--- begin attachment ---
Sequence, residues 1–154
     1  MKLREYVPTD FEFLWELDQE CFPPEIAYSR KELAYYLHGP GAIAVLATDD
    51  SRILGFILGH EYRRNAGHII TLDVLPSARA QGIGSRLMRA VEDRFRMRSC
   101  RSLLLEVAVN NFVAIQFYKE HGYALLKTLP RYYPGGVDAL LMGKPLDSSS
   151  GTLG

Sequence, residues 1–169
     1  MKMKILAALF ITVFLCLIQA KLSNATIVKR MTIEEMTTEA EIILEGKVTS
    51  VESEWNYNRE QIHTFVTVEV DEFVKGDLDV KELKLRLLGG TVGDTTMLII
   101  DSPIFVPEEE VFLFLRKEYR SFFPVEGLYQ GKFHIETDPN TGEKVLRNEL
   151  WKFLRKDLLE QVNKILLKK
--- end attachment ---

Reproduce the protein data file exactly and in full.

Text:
Sequence, residues 1–154
     1  MKLREYVPTD FEFLWELDQE CFPPEIAYSR KELAYYLHGP GAIAVLATDD
    51  SRILGFILGH EYRRNAGHII TLDVLPSARA QGIGSRLMRA VEDRFRMRSC
   101  RSLLLEVAVN NFVAIQFYKE HGYALLKTLP RYYPGGVDAL LMGKPLDSSS
   151  GTLG

Sequence, residues 1–169
     1  MKMKILAALF ITVFLCLIQA KLSNATIVKR MTIEEMTTEA EIILEGKVTS
    51  VESEWNYNRE QIHTFVTVEV DEFVKGDLDV KELKLRLLGG TVGDTTMLII
   101  DSPIFVPEEE VFLFLRKEYR SFFPVEGLYQ GKFHIETDPN TGEKVLRNEL
   151  WKFLRKDLLE QVNKILLKK